White German Shepherds Outlawed in post-WWII Germany

By the time the Nazis party took full control of the SV in 1935 white-coated shepherds were, without question, outlawed as undesirable. SV opinion maintained the white-coat factor caused coat paling across the full range of dark coat colors.

By the end of World War II, thousands upon thousands of German Shepherd Dogs in Germany had been slaughtered, as the military confiscated any dog they could find for military service, regardless of breeding value, in the final years of the war.

While the few German Shepherd Dogs that managed to survive World War II almost represent a new start for the breed in Germany, they nonetheless embodied the foundation stock established by Stephanitz's original breeding program. White-coated puppies born in Germany after WWII were not documented and they were immediately culled out of new litters, as is true to this day.

Therefore, we do not have a complete record of white-coated German Shepherd Dogs presenting in "standard-color" litters in Germany since 1935. However, sires and bitches that breed litters with one or more whites are documented in the SV Zeitung (magazine) and unregistered, when breeders report such litter presentations.

A few White German Shepherd Dogs did managed to survive the Nazis and WWII in Germany and Holland. Descendants of these lucky white-coated dogs that trace their heritage directly to the white GSDs of the early 1900s survive to this day, despite not being allowed registration by the SV.

The genes required to produce white coats with dark eyes, nose, foot pads, etc. occurs in the natural world as is evident in the Arctic Wolf or Canis Lupus Arctos as well as other subspecies population of Canis lupus.

The domestic dog (Canis Lupus Familiaris) is a subspecies of the wolf that three modern DNA research teams now believe evolved from just a small population of wolves tamed by humans living in or near China less than 15,000 years ago. The research teams believe the DNA evidence indicates that the original population of domesticated dog then spread out of Asia to the rest of the world with human migration and along trading routes.

The research team further concludes that intensive breeding by humans over the last 500 years - not different genetic origins - is responsible for the dramatic differences in appearance among modern dogs.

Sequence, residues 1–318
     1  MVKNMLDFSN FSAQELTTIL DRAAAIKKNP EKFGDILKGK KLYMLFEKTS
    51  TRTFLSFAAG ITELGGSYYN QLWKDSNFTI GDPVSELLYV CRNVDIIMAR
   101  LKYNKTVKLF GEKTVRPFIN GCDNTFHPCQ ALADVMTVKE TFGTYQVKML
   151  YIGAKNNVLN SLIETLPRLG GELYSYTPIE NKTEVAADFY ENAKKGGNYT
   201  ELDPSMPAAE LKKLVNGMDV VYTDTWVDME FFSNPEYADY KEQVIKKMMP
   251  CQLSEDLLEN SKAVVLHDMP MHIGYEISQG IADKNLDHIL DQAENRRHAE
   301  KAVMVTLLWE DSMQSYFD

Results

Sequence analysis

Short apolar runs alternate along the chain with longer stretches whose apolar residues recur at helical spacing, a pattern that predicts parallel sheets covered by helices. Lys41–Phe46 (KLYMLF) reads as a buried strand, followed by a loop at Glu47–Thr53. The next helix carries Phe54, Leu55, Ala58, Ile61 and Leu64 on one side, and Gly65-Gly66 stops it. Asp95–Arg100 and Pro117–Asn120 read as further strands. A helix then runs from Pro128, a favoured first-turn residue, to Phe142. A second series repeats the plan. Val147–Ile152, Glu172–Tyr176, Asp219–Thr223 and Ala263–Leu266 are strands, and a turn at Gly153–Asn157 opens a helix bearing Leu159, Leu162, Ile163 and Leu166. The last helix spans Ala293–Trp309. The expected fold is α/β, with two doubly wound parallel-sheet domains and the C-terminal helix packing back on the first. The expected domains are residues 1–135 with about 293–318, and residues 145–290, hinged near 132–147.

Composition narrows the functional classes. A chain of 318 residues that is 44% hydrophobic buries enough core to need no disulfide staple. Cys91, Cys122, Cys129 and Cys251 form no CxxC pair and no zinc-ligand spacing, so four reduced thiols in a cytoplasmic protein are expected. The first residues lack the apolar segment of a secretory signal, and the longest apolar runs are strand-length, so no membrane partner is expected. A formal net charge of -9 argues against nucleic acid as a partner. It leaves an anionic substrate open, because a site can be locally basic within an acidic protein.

It is reasonable to conclude that the genetic coding for white coats, present in the wolf genome, was passed into the dog's genome during the era of original domestication.

Coat color has been an integral trait selection for the development of most dog breeds. In a few cases, certain colors were selected against because breeders of the age thought the colors were associated with health problems. Other colors were selected against or for because breeders felt that those colors help that breed do its job better, or more often, coat colors were selected and rejected for simple esthetic reasons.

There are many misconceptions about white-coated German Shepherd Dogs and the gene that expresses their coat color. First and foremost, white German Shepherd Dogs are not albinos. Albinos lack all pigment where white German Shepherd Dogs have brown eyes and black pigment on their noses, around their mouth, on their paw pads, around their eye rims have dark skin and nails.
 The white gene is recessive and only expresses coat color.

The white gene is not linked to poor health, temperament, color paling in the entire breed, or any other negative trait in breed's genetic make-up. The white coat gene is actually a masking gene that masks the real color and pattern of the dog. A white German Shepherd Dog can carry genes for any color and pattern found in the breed, including, black, black and tan, black and red, black and silver, black and cream, blue, liver, sable, saddled and bi-colored.

White shepherds are unjustly blamed for color dilution or paling for the entire breed because the white gene can mask expression of genetic coding for diluted (pale) colors such as a black and silver, black and cream or liver.

German breeders of the 1920's and 1930’s misinterpreted pale offspring of white dogs, masking a pale colored coat, as an undesirable result of a “white” generic trait rather than the actual expression of genetic coding for diluted (pale) colors from the breeding pair.

Even today, some German Shepherd Dog breeders identify color paling in the entire breed as one of the primary justifications to “cull” white coated shepherd puppies from new litters.

This point has been refuted innumerable times by leading White German Shepherd Dog breeders and modern geneticists using state-of-the-art DNA methods.

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